Well, when you have two crabby, virtually non-verbal boys who are still in recovery glaring at you….you make your stay in the butterfly house very short. I may have possibly seen a butterfly. Maybe.

After the zoo, the boys’ hunger kicked in and they wanted something real to eat. I had my doubts about their ability to eat anything solid, but I was willing to let them try. There was a Chili’s attached to our hotel so I ordered little cups of macaroni and cheese and mashed potatoes.

It was a miserable failure

It was a miserable failure

Robert was so hungry and he wanted that macaroni SO much. But, the pain of eating was too much to allow it.

This boiled my blood. That nurse who claims tongue reduction isn’t painful is irresponsible. Robert loves to eat. If it didn’t hurt, he would wolf that cup of macaroni down in 3 seconds. I know my son, I know this surgery. If someone tells you it doesn’t hurt, ask them if they enjoy the sensation of biting their tongue. Does it hurt? How about tearing a muscle… Does that hurt? Yes, yes, yes. Surgery hurts. Healing is not immediate. A muscle that has been cut is going to hurt as it heals. That’s pretty darn normal. I know that, but I am extremely upset about all the other patients who have never had a tongue reduction before and are now scared because its not supposed to hurt, according to the nurse.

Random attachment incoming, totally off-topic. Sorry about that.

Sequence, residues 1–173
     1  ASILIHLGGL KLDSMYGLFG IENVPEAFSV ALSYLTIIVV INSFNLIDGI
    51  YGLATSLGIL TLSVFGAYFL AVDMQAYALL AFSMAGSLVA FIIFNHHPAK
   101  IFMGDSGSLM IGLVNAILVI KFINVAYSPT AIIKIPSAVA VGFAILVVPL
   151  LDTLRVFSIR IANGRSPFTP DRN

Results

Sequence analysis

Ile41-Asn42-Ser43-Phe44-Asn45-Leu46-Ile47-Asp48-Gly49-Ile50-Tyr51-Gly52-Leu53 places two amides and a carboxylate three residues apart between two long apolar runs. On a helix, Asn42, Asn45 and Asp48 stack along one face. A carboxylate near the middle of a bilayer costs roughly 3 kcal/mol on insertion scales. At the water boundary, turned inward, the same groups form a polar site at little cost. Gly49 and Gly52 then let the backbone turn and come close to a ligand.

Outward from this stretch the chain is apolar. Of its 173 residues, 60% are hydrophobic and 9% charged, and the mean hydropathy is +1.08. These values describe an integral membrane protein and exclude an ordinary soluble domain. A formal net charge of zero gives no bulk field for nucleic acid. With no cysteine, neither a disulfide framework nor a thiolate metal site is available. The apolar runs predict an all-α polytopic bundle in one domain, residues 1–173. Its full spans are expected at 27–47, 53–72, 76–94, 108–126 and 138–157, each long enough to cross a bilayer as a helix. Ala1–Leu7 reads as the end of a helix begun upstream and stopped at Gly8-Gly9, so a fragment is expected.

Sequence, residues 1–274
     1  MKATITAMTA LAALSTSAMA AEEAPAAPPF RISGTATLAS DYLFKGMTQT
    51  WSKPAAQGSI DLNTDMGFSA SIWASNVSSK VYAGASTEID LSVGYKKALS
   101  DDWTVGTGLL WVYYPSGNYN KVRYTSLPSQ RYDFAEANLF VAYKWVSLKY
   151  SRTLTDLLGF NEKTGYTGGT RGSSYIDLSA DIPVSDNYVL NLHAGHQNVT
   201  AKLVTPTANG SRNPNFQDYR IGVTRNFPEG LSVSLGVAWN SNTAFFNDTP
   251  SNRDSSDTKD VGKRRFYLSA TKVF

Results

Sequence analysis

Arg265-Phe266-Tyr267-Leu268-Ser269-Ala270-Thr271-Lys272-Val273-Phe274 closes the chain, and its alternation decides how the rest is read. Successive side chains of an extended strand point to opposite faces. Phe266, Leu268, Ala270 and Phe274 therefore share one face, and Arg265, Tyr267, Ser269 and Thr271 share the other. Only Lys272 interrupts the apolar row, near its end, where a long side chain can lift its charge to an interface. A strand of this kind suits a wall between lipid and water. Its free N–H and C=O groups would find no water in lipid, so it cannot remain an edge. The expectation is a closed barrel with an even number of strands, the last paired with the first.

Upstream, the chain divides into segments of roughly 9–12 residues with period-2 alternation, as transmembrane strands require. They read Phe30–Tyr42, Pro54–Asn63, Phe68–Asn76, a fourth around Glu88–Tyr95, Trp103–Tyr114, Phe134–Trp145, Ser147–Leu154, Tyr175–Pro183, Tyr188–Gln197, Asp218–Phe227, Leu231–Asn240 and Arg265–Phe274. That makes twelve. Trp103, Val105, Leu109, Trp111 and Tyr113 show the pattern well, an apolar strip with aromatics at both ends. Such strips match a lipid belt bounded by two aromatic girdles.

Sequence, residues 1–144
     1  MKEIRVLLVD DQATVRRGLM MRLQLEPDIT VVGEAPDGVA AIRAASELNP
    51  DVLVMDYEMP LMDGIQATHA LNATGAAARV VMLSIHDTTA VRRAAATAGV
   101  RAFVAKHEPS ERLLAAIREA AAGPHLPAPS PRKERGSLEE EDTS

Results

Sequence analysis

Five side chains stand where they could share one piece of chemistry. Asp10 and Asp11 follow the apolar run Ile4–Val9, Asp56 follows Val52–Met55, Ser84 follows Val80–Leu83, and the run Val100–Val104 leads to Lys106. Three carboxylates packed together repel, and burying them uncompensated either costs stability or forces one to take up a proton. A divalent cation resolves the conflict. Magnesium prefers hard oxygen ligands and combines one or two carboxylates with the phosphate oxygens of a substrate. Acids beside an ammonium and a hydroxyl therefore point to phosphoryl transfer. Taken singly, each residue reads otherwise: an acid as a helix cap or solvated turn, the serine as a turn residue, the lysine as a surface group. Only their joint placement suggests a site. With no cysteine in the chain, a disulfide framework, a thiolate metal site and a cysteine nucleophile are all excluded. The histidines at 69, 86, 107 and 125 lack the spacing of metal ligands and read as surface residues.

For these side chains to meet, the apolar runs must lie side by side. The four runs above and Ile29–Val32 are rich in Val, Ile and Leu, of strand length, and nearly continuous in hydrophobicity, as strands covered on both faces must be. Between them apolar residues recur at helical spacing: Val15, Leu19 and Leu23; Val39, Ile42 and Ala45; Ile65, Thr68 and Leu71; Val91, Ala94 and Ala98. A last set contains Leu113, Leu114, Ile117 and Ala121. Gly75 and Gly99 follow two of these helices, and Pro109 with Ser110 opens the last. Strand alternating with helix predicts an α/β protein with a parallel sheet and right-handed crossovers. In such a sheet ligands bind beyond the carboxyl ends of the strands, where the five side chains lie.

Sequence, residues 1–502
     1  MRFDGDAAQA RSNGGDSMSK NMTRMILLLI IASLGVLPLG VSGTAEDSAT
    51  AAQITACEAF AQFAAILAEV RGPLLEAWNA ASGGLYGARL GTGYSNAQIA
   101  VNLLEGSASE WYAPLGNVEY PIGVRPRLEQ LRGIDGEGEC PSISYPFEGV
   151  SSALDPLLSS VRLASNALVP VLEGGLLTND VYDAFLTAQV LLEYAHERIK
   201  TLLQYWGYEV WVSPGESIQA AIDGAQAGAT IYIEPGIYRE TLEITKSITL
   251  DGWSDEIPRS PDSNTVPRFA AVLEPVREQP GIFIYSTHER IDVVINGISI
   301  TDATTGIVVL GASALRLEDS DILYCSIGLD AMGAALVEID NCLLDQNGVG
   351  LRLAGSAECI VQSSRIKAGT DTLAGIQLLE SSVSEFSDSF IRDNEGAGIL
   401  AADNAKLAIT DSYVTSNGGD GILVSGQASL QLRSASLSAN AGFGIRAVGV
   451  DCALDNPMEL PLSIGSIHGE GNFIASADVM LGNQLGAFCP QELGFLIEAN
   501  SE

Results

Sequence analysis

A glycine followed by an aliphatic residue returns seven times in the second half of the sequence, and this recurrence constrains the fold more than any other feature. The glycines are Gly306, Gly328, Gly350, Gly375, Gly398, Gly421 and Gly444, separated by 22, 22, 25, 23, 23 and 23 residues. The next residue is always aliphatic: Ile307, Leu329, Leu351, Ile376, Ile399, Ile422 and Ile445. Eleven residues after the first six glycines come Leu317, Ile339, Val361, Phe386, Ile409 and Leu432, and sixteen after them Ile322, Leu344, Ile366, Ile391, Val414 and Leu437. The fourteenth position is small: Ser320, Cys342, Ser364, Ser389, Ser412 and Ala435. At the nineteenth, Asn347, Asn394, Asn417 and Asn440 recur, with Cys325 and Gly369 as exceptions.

Eventually poor Robert gave up and had a yogurt drink.

And we all slept like rocks that night. 🙂

Surgery in St Louis Part 7


It was two days after surgery and we still had a couple more days until we could fly out. I was bound and determined to give the boys a little bit of fun during this trip to make it a vacation for them….in a roundabout way.

One of my co-workers had clued me in to the St Louis City Museum.


It was exactly as it was described to me: a wild fun house that was awesome for kids AND adults.

It was like MC Escher threw up in here

It was like MC Escher threw up in here

The design was beautiful and bizarre. I kept looking around for David Bowie in a codpiece. Yes, I was looking around hopefully.

And there were sharks!

And there were sharks!

There was an aquarium inside the museum (yes, it’s THAT BIG) that had sharks and other sealife. Peter spent most of his time in the hospital watching Shark Week on Discovery so, he was absolutely entranced by the shark tank.